Guwahati: The 'josh machine' and a thorough gentleman, colleagues of Colonel Viplav Tripathi will forever remember him as a man who never got angry.
Commanding Officer of the 46 Assam Rifles, he was always smiling and ever helpful, getting us everything we needed to do our story. Whether it was data on illegal smuggling along Mizoram-Myanmar border or the training manual for women personnel of the Assam Rifles, Colonel Tripathi had all the information on his fingertips, and relayed it effortlessly.
The Colonel’s death in a militant ambush in Manipur’s Sehkan village comes as a huge blow to both the Assam Rifles and the Indian Army. The attack, suspected to have been carried out by militants from the separatist group People’s Liberation Army or the People’s Revolutionary Party of Kangleipak (PREPAK), also claimed the lives of his wife and six-year-old son along with four soldiers.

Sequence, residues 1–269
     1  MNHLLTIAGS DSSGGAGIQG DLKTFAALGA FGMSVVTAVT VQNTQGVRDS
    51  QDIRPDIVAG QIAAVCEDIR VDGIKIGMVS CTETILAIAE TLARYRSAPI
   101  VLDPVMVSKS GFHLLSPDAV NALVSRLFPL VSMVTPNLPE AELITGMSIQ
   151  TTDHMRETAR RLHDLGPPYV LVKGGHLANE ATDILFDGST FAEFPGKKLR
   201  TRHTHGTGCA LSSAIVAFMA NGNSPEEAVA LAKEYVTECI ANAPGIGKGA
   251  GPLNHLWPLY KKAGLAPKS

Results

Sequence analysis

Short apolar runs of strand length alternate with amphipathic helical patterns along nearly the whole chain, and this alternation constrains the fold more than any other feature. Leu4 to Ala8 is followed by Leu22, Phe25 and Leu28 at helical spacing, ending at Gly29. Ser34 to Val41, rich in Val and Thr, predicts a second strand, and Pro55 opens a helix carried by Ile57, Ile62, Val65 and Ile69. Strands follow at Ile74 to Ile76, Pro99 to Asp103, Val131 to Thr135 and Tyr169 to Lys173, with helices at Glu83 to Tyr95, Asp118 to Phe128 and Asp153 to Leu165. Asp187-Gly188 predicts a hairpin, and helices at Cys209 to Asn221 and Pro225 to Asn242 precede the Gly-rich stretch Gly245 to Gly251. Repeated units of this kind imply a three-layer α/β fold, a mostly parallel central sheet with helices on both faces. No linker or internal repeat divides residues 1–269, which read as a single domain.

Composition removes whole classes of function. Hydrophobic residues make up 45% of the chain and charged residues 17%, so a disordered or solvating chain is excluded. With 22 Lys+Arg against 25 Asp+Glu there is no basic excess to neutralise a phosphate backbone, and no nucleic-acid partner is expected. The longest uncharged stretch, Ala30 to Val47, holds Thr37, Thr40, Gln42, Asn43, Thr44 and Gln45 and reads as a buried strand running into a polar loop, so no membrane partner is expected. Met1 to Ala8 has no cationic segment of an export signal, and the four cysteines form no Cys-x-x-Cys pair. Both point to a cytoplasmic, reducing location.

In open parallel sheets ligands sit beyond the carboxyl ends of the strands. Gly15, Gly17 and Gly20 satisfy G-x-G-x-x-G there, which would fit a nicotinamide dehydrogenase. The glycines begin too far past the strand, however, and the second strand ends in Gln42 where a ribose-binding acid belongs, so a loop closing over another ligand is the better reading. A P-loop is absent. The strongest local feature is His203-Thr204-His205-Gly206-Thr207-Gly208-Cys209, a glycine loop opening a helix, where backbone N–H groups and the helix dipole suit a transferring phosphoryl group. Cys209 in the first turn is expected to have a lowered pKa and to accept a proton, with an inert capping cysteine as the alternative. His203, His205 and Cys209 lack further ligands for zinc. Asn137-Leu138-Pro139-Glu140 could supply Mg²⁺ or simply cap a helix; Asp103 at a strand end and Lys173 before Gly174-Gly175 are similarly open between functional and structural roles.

An Army officer who had been working closely with Colonel Tripathi recalled him as a “josh machine”, who was capable of performing extremely well under stress, a thorough gentleman and a professional.
Colonel Viplav Tripathi had been serving in Mizoram till July this year before he moved to Khuga in Manipur’s Churachandpur district. During his tenure in Mizoram, the battalion he led was at the forefront in border management, thwarting illegal smuggling along the Indo-Myanmar Border and the hinterland.
In this period, his battalion had also recovered several weapons and war-like stores which could have landed in the hands of anti-national elements, thus avoiding major casualties, said sources in Assam Rifles.